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Brand protection: 5 threats you need to know about

From loss of sales to loss of customer loyalty, these are the consequences of poor brand protection

Brand protection is the process of taking steps to safeguard your brand from any infringement. It involves using trademarks, copyrights, and other legal measures to prevent others from using your brand name or logo without permission.

Threats to brand protection can come from a variety of sources, including competitors, counterfeiters, and online pirates. Companies need to be aware of these threats and do what they can to mitigate them.

The main threats to brand protection


1. Intellectual Property Infringement

Intellectual property infringement is the unauthorised use of a brands trademarks, logos, or other unique brand identifiers without permission. This can lead to customer confusion, lost sales, and damage to the brands reputation. Moreover, sometimes it is difficult to take legal action against a brands infringers, making it more important for businesses to proactively protect their brand.

2. Brand protection and Counterfeiting

When speaking about brand protection, counterfeiting is probably the main threat.

Counterfeit goods are illegal imitations of branded products that are often sold at lower prices. This damages the brand's reputation since not all customers are able to recognise that the product they bought is fake, blaming the brand for the poor quality. But counterfeiting also causes lost sales. According to EUIPO, 60 billion euros are lost every year across the EU due to counterfeiting in 13 key economic sectors.

3. Trademark Infringement, Online Piracy and Social Media Abuse

Trademark infringement is when a brands trademarks are used without permission. This can lead to customer confusion and loss of sales. It also damages brand reputation since customers may assume the brand is not taking its brand protection seriously.

However, in todays digital world, brand protection has become more difficult, since anybody can copy and paste any piece of digital content from any brand and use it for other purposes.

Online piracy is the unauthorised use of a brand's content, such as videos, photos, music, or other material on websites or social media platforms. It often leads to customer confusion and brand dilution, which is when brand content is used in ways that do not reflect the brand's intended message or values.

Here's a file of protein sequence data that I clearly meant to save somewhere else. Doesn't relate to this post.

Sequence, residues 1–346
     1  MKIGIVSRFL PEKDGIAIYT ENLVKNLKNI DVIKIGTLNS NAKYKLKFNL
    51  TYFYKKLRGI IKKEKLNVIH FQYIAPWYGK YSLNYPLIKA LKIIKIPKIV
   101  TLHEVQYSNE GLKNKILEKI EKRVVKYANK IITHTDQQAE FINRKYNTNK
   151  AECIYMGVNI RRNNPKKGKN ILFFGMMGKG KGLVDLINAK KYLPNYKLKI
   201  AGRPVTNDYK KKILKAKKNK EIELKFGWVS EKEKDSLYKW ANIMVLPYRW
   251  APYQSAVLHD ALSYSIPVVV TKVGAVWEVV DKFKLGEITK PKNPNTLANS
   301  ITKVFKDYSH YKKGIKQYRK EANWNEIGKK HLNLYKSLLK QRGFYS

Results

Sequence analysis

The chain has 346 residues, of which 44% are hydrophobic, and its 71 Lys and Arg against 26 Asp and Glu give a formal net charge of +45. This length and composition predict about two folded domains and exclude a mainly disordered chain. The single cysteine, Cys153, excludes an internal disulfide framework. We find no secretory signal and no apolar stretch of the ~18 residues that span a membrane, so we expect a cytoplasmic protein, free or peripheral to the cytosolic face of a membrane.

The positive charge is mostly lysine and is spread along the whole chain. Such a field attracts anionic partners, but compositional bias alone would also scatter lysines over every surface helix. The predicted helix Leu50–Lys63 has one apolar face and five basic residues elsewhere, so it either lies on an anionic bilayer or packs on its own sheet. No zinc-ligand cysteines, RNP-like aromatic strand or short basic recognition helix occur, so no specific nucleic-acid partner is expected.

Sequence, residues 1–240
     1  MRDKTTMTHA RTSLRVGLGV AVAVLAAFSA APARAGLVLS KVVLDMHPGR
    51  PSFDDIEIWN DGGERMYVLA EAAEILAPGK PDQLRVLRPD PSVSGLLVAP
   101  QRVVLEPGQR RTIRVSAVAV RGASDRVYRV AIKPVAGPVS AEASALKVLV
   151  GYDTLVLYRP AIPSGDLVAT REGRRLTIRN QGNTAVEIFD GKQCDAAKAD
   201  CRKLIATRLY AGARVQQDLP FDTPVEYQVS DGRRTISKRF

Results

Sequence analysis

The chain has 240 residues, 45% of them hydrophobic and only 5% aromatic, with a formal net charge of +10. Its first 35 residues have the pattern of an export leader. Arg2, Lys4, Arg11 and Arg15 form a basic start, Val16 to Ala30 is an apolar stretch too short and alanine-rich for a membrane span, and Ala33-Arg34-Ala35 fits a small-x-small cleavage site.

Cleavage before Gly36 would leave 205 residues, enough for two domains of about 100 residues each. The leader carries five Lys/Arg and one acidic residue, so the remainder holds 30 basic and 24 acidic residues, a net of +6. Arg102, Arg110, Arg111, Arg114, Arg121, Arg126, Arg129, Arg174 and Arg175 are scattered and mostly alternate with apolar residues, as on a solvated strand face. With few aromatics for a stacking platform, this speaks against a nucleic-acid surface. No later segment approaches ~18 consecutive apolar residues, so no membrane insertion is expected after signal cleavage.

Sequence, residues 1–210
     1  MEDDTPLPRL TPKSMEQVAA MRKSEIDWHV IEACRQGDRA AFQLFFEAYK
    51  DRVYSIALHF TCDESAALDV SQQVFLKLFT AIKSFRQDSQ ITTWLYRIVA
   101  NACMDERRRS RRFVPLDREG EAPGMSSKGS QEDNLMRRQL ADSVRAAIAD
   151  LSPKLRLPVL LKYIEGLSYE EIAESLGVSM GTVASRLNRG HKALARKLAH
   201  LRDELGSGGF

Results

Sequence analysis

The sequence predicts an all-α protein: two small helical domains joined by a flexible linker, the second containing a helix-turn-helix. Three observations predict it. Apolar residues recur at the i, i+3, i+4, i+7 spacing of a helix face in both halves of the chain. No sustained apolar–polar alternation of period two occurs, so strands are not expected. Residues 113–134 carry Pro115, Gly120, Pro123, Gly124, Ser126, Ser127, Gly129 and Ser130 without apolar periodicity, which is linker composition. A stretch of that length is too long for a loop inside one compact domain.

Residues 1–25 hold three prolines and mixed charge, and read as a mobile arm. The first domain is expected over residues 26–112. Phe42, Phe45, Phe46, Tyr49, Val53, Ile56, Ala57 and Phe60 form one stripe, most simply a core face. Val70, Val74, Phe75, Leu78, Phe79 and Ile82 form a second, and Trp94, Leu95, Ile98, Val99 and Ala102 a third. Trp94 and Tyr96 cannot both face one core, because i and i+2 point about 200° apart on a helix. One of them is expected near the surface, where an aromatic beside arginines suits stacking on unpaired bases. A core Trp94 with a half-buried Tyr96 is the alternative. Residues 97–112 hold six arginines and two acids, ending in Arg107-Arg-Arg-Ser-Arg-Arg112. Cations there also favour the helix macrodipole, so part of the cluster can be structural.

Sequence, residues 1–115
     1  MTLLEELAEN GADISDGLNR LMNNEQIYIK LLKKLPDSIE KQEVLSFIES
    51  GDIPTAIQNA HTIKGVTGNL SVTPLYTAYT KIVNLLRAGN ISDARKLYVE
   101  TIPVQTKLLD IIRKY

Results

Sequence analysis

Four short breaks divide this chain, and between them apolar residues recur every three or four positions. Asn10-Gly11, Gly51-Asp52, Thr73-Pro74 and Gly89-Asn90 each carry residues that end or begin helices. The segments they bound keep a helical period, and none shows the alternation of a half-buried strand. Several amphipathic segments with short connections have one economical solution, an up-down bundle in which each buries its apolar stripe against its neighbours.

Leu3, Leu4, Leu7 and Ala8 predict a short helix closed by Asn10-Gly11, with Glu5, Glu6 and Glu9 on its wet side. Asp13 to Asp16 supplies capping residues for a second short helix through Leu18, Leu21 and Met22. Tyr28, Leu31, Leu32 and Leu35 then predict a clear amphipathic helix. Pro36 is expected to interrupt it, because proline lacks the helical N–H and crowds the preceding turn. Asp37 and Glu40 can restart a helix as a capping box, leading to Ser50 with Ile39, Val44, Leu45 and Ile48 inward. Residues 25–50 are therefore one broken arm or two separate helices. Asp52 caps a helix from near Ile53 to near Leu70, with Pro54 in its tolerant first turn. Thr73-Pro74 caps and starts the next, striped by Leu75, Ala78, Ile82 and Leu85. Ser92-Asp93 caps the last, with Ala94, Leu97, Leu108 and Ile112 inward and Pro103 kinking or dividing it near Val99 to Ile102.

Similar to Online Piracy is Social Media Abuse. Social media has become an important platform for brands to reach customers, but individuals or groups can use brand logos or images without permission, creating fake accounts to impersonate the brand, or using brand hashtags to spread false information.

4. Grey Market and Unauthorised Reselling

The Grey Market is a worldwide network of unauthorised resellers that buy brand products from distributors or retailers and sell them at different prices, often in different countries than those originally intended. This affects brand reputation by giving customers a negative impression of the brand, especially if the brands products are sold at lower than expected prices. It also leads to lost sales, since customers may choose to buy brand products from unauthorised resellers instead of from authorised brand distributors or retailers.

5. Copycatting and Competitor Imitation

Copycatting is when a brands competitors imitate its products, services, or brand identity. This can lead to customer confusion and brand dilution, since customers may not be able to distinguish between the brands original product or service and those of competitors. It also affects brand reputation, since customers may think the brand is not innovative enough or that its competitors are offering better products or services.

Brand protection: 5 threats you need to know about

How to protect a brand

Fortunately, there are a few steps companies can take to protect their brand.

Firstly, they should ensure their brand identifiers - such as logos and trademarks - are registered in the countries they plan on doing business. 

Of course, brands should monitor online activity, especially on social media, to discover any potential abuse, such as unauthorised use of logos or images. To do so, they can invest in innovative technologies such as brand monitoring software which can discover unauthorised use of branded content online. They can also have a dedicated team to monitor websites, e-commerce platforms, and social media platforms, as well as take legal action against any misuse of brand content.

Regarding counterfeiting, brands need product authentication systems, like that of Certilogo, to give customers the chance to immediately check if the product they are buying is an original or fake.

Data generated by authentications can be used to help brands monitor products, and identify non conforming distribution of licensed products, over production and grey markets and provide brands with evidence required to take defensive action

Moreover, brands should create clear guidelines and educate employees about what brand protection is and why its important. This will help to reduce brand protection risks and create a brand protection culture within the company.

Given that brand protection is an ongoing challenge for businesses of all sizes, its important for them to do what they can to protect their identity, reputation, and profitability. This will ensure that brands remain strong and successful for many years to come. Furthermore, brand protection can enhance customer trust, maintain brand loyalty, and ultimately increase sales. These are the keys to long-term success in today’s competitive market.

21 Dec 2022

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